BREAKING: Allegany County residents are being invited to comment Thursday night on a $145.5 million budget for next year, with little to go on, while county lawmakers themselves appear to be grasping for information on how to use nearly $42.5 million in surplus and avoid giving any of it back to property taxpayers.
County Attorney Allison Carrow today, responding to an Allegany Hope Community News Freedom of Information Law (FOIL) request, confirmed that no budget message has been provided for the public, which would give guidance in regard to analyzing county expenses and revenues for the coming year, and one also hasn’t been presented to any county legislator.
The response came a day late from that allowed by state law, although indications had been provided that no such message had been filed with the Clerk of the Board of Legislators.
There were no replies today, however, to four additional FOIL requests filed the same day for information on county fund balances, also known as surpluses, and expenditures by months for various periods; the rising number of new employee positions; and county legislator benefits.
More information requests ignored
Appeals in all four cases were filed today by Allegany Hope Community News, despite the unlikelihood that timely information will be received before the budget hearing.
Another Appeal, which was made last Friday after the county ignored a request from November 14 for information as to who determined or how it was decided to add salary increases for county legislators to tomorrow night’s notice of public hearing, has not been answered.
As we reported yesterday, county lawmakers appear to be using a back door approach to increasing their salaries next year by $3,500 annually, or more than 40 percent, and $7,000 for the chairperson.
The public was told it could comment at the budget hearing when the potential action received minimal exposure at the November 8 Board of Legislators meeting as part of a resolution to establish a date for the hearing.
The session will be held at 7PM tomorrow in Legislators chambers at the County Office Building in Belmont.
County board appears directionless
The Board has appeared directionless in recent months as members go around on how and where to spend nearly $49 million in general fund surplus, over 50 percent more than the entire property tax levy in one year; additional monies located in other funds, including nearly $7 million remaining from a $7.5 million economic development restricted fund the board established two years ago in diverting another larger-than-anticipated surplus; and the remainder of $9 million in federal pandemic American Rescue Plan Act (ARPA) monies.
In addition, as we also have been reporting, a proposal in next year’s tentative budget diverts $16 million of the general fund surplus, using it for yet undetermined expenditures, rather than, for a second time, significant tax relief.
Allegany County continues as the second highest property and third highest sales taxes county in the state.
Less and less transparency
County legislators have become less and less transparent about what is in the budget over the last three years, with more than 100 pages of numbers having to be analyzed by the public without readily accessible background information.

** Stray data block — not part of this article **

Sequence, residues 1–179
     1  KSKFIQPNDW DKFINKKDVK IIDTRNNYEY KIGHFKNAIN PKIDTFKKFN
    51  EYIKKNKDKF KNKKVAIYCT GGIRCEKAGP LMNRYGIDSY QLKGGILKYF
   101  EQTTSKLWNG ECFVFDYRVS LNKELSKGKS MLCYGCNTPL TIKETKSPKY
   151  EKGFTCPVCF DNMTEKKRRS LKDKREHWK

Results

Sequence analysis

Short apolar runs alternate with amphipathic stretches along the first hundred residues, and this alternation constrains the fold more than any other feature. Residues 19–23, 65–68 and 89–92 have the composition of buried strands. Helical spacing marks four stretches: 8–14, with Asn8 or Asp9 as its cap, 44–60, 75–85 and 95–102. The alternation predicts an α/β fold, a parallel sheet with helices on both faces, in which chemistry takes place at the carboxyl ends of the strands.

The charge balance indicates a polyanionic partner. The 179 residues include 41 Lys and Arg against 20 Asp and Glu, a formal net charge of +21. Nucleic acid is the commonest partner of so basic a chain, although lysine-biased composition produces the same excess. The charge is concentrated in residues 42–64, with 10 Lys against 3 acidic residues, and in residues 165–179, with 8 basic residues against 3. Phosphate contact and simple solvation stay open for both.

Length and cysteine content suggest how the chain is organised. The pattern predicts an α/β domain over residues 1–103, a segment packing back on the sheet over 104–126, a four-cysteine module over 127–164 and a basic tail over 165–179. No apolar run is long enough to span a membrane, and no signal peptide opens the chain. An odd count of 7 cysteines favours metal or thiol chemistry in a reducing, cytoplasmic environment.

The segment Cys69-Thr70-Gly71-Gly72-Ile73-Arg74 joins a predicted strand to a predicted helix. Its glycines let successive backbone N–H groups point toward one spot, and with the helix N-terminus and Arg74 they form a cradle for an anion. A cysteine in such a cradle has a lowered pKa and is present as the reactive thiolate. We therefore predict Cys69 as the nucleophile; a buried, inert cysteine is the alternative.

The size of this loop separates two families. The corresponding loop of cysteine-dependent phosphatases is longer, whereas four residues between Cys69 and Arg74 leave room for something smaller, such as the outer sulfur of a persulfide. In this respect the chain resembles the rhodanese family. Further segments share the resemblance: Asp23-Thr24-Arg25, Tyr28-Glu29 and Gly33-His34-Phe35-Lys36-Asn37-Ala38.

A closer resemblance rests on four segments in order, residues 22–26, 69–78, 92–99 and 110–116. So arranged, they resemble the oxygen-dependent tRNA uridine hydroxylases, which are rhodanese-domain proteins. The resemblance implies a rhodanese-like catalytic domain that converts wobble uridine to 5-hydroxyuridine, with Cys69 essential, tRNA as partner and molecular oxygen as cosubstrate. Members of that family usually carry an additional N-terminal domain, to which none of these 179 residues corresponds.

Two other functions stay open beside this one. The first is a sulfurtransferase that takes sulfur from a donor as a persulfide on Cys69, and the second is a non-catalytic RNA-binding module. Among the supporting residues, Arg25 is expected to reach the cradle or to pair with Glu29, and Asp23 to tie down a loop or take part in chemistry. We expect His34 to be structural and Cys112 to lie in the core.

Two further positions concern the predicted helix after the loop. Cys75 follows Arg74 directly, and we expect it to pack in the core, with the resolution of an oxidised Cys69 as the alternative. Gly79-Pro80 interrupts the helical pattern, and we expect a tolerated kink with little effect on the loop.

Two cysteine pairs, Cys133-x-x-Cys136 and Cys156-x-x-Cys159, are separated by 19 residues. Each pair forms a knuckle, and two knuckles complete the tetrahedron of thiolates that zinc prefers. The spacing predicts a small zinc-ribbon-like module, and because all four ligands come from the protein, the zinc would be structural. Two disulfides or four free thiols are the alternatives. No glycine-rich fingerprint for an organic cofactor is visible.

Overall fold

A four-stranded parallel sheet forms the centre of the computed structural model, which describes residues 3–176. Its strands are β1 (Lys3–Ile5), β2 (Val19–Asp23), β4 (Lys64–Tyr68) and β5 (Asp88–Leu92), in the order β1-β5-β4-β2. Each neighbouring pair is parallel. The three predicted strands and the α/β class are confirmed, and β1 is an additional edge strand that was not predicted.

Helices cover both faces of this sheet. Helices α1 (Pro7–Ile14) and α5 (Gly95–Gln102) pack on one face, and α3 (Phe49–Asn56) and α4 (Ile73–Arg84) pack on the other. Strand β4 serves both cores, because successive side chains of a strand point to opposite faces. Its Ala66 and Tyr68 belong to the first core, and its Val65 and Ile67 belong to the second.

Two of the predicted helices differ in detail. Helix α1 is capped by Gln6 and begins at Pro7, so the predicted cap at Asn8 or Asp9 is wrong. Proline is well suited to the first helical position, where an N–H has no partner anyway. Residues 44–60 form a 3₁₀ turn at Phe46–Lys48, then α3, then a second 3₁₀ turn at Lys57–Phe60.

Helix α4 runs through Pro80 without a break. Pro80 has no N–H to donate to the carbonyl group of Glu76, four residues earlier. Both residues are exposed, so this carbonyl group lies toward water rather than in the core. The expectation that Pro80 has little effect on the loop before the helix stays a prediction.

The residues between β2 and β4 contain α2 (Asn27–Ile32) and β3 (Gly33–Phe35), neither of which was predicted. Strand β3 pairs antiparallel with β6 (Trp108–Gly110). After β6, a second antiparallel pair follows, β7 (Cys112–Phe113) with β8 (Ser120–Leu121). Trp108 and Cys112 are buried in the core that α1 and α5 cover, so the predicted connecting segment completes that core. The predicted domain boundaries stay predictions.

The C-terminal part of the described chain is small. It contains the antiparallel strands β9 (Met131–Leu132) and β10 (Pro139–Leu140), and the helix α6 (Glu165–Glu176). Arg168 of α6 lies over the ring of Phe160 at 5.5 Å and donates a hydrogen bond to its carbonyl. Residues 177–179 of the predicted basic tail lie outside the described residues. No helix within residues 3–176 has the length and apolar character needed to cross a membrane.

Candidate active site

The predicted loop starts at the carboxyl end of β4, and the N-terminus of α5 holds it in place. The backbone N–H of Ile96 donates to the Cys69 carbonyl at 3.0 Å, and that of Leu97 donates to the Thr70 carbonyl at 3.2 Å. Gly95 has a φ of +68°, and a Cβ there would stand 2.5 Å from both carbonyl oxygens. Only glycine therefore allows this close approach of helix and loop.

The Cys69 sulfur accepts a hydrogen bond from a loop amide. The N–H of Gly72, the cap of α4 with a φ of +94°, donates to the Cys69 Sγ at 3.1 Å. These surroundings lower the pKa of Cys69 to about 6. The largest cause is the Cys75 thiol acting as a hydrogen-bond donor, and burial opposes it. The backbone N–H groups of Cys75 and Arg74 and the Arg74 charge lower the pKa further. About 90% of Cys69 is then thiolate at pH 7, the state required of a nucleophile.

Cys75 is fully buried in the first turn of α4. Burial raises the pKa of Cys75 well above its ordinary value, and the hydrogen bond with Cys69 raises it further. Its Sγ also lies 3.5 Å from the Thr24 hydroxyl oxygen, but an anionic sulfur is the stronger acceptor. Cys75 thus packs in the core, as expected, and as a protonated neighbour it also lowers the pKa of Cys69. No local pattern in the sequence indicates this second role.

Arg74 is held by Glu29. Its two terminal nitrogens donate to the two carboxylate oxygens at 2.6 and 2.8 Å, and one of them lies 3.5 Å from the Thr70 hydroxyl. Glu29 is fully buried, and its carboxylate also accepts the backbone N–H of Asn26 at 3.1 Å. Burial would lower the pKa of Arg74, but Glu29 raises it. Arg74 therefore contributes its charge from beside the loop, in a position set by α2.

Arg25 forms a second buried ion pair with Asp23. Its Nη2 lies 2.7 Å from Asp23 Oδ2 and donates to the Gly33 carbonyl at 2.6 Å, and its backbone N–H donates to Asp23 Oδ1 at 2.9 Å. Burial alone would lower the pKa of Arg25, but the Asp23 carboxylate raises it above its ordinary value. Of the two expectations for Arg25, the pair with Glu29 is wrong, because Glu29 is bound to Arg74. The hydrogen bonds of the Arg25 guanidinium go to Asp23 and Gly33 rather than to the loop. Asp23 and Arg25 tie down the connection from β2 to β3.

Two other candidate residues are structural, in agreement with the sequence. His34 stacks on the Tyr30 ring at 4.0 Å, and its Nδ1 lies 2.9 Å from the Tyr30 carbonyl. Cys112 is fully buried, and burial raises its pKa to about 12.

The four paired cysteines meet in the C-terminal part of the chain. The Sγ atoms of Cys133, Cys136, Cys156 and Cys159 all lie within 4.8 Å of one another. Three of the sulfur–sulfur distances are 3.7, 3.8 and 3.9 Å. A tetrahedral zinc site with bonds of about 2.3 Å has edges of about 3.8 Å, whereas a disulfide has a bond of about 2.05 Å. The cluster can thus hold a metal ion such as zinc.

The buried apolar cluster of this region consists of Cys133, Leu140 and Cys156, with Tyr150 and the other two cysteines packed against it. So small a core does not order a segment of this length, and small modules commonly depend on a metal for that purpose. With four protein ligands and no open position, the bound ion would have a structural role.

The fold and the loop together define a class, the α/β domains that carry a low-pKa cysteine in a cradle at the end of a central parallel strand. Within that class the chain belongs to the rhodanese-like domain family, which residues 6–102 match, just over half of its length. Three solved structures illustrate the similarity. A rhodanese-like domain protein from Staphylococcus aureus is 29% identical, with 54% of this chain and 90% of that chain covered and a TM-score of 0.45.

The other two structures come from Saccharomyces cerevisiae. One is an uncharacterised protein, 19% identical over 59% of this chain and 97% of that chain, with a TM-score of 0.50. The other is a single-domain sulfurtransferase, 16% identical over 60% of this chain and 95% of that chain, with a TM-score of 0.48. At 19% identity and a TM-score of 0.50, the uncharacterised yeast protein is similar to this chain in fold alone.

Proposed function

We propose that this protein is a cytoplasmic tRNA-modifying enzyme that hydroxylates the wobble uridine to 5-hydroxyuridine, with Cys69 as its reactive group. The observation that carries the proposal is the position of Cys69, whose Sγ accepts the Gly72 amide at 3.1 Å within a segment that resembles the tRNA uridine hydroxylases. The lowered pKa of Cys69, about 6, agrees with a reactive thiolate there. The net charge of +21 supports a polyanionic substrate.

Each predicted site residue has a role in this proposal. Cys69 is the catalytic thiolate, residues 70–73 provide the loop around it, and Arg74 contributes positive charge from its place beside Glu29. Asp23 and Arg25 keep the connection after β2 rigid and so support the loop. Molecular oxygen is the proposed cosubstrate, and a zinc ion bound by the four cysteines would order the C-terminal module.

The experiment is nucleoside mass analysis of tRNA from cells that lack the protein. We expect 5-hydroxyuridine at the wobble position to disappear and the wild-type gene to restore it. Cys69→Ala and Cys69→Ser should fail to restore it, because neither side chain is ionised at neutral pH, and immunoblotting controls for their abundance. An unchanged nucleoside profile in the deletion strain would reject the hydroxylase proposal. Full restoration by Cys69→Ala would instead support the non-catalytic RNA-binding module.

In 2021, they held a budget meeting prior to the public hearing after Allegany Hope Community News pointed out that a State Comptroller’s schedule, based on county law, demonstrated a requirement for such action.
Last year, they ignored such meeting, saying it didn’t apply to them.
The Board also has held full day sessions in prior years, having county department heads provide limited explanations of their budgets.
This year, members of the Budget Committee only have been requesting updates monthly on next year’s tentative budget process.
A notice to establish a public hearing was pulled abruptly from action last month when the budget hadn’t yet been filed.
Where’s the money?
On November 1, the committee received copies of next year’s proposal from County Administrator Carissa Knapp, who also serves as budget officer, and County Treasurer Terri Ross, deputy budget officer, and appeared indecisive as to where money was coming from, going to and for what over the next two months and next year.
Significant discussion was held in regard to a proposed drop in the true value, equalized tax rate of some 91-cents per $1,000 of assessment, although residents of few towns actually would see that level of savings and property taxes in 11 towns actually would increase.
Legislators blamed the hikes on towns and their assessment equalization rates, with no discussion for a second year in a row of using additional surplus and providing a significant tax decrease to all property taxpayers in the county, removing it from its second highest tax position in the state.
There were calls at the meeting for the need of a legislative meeting quickly to discuss sources of funds and purposes but there appears to be no record of any being held to date.
Budget due in three weeks
Indications were given that the budget will be adopted in two weeks at the Wednesday, December 13, meeting of the Board of Legislators. Board Committee of the Whole and Budget Committee meetings are scheduled for the preceding week.
The final day for budget adoption, by law, is Wednesday, December 20, to which the second regular Board meeting of the month, normally held on the fourth Wednesday, has been re-scheduled due to Christmas.